October 17, 2008

Poetessectomy

Friends,

I've had some blog worthy stuff happen lately from getting a book signed by Judy Blume (where I was the only male adult in the line, so yes, I felt like a total creep) to being sold coffee by Danielle's identical, yet black, twin (down the clothes she was wearing). I finally found a copy of Knockemstiff for sale in a store, which I bought to count as my earned book purchase, then I fell off the book diet hardcore with this "Friends of the UW Book sale" where they were selling paperbacks for a dollar, hardcovers for three, so snatched up a heap of titles from The Kite Runner (for a dollar, and hey, that thing sold like a billion copies, I want to see why) to what I think was a fantastic find, a hardcover of Best American Short Stories 1966 (highlights include, posthumous stories from Flannery O'Connor, William Faulkner and Shirley Jackson...what I think is interesting how they have that list of "nearly made it" stories in the back, John Updike & Joyce Carol Oates were in there, which makes me realize that they have probably been included in every BASS since they began their writing life). Oh, and at that book sale, they had something like 5 copies of Gore Vidal's book Lincoln. What's the deal with that book?

But really, the most important thing that happened was realization I had about my thesis. Shelly, my poetess, needs edited out.

Yes, that means that hilarious honey / nut cheerios line break will be one killed darling, along with her other more humorous, blind pride moments. I'll save what I can, shunting some stuff over to Tegan if possible, but it all can't be saved. Now, whether this counts as just an "edit" or maybe "rewrite" would be more apt a term, but whatever you want to call it, she's a tumor that needs surgical extraction.

My biggest reason for taking Shelly out, she doesn't exist for herself in the book. She was created to be important to Burnett, to be his window to some possible world, and she was created to be a counterpoint to Tegan. But her story, barely fits. Yes, she's attempting to reshape her past to fool herself into believing she'll live a better future, kind of like Burnett, and she's like this perfect ugly American, some ball of misguided pride and ambition, which fits okay with the larger questions of the American Dream at work here, but see, that's the problem. Shelly's a crutch for Burnett, she's a mirror for Tegan, she's some symbol...she's not much of a person. And, you know, that's no good for the story. Plus, she never really factors into anything Hoss does, and since he's the main force at work, it's strange that she and him never impact one another at all.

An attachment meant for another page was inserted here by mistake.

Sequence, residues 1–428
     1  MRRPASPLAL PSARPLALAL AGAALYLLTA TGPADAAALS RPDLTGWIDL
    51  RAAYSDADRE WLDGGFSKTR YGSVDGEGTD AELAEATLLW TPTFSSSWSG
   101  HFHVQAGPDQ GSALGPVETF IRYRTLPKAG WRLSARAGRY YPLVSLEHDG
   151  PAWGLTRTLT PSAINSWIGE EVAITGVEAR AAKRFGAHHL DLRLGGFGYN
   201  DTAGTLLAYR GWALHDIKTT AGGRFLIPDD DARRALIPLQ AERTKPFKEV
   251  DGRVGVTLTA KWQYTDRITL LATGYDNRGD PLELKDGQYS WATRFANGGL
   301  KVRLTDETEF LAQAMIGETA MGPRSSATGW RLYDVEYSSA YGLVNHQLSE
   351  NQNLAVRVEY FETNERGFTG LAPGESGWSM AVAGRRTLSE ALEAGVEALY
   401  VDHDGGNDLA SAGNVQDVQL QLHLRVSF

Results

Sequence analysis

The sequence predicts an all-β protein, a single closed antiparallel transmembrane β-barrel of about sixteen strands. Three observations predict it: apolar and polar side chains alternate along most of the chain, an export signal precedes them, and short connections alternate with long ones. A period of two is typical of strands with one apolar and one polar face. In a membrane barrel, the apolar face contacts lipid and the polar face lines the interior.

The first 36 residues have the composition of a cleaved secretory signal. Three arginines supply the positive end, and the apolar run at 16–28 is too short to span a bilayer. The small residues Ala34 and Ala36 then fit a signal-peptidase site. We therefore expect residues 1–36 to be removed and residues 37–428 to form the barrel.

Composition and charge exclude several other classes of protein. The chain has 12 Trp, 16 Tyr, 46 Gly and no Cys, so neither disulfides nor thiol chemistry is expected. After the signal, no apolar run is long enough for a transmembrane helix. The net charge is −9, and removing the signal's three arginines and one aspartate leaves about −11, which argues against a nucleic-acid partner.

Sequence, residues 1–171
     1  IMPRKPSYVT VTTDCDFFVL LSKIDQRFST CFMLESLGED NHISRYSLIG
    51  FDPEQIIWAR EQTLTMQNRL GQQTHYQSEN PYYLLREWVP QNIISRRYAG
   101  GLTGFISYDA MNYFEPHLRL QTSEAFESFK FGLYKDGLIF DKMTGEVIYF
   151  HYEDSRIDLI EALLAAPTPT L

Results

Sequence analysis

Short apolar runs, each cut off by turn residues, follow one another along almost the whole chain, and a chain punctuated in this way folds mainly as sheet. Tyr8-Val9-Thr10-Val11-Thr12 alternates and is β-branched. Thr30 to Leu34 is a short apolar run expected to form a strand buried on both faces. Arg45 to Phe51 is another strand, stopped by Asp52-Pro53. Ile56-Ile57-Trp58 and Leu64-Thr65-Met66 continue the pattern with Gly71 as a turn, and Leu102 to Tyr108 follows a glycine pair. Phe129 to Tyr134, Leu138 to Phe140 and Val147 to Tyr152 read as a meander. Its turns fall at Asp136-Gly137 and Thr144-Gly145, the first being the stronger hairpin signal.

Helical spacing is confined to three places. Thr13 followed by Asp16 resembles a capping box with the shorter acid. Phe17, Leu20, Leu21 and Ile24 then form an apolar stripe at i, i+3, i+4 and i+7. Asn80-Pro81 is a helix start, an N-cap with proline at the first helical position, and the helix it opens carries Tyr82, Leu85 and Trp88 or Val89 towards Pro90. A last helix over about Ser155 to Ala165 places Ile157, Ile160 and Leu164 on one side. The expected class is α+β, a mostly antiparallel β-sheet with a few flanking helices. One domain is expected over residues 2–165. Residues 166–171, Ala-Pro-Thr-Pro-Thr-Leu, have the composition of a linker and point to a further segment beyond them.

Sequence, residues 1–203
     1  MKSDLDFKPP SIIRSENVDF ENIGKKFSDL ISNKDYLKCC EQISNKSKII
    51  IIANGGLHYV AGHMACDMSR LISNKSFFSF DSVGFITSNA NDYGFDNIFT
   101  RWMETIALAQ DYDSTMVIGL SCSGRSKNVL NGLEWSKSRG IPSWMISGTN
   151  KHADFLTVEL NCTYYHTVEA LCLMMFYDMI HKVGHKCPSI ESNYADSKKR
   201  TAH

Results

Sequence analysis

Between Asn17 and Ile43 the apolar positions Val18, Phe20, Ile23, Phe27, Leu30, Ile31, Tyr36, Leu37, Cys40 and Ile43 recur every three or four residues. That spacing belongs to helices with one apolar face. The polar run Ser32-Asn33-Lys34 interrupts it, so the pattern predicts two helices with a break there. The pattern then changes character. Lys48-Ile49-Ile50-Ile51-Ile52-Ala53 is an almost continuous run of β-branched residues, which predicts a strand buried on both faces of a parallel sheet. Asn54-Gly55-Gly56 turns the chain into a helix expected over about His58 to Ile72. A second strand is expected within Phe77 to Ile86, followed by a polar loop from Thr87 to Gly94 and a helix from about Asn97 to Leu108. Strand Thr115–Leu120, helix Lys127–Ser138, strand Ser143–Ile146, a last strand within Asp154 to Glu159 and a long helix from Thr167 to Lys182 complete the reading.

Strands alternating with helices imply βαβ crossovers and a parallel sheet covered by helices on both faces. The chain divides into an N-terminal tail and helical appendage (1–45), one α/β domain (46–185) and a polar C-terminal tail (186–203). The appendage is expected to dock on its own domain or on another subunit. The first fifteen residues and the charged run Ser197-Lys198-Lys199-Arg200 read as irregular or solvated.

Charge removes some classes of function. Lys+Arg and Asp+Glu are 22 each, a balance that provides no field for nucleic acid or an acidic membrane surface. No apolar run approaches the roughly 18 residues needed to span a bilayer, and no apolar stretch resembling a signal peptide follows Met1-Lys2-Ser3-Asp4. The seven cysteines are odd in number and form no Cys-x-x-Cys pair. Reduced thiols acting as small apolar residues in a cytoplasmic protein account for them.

Everything that Shelly represents, or is to other characters can be made apparent without her being there, and may actually strengthen Burnett's character in the end. I mean, I can anchor all Burnett's hopes to his absent mother instead of what I have now, which was pretty much a convenient dismissal.

And, there's other stuff I need to work on, too. But kissing Shelly goodbye, that's a big one I think. Here's to hoping the edit/rewriter goes well. Wish me luck.

viva el mustache

3 comments:

Diana said...

Break a leg! I get all your reasons for cutting Shelley, but I'm gonna miss her.

Also: Let me know what you think of Knockemstiff.

And: I LOVE LOVE LOVE Judy Blume. I covet your signed copy.

Bronson said...

Hey man, you do what you have to do. I just finished an edit of the memoir, and I had to get rid of a couple things I really liked, but I'm much happier with the result.

Plus, once you give Shelley the boot, hopefully you'll be one step closer to completing the novel, and that's a good feeling!

Hey, maybe Shelley could get her own novel? (or book of mock-poems!)

The Ghost of Nostradamustache said...

Edit if you must, my good man, but try to avoid any Ignatius J. Reilly-ness if you can. You're not writing on a Big Chief tablet are you? No? How's your valve? Good?

I thought so. I'm just here to help you keep focused. Eyes on the prize, buddy, eyes on the prize.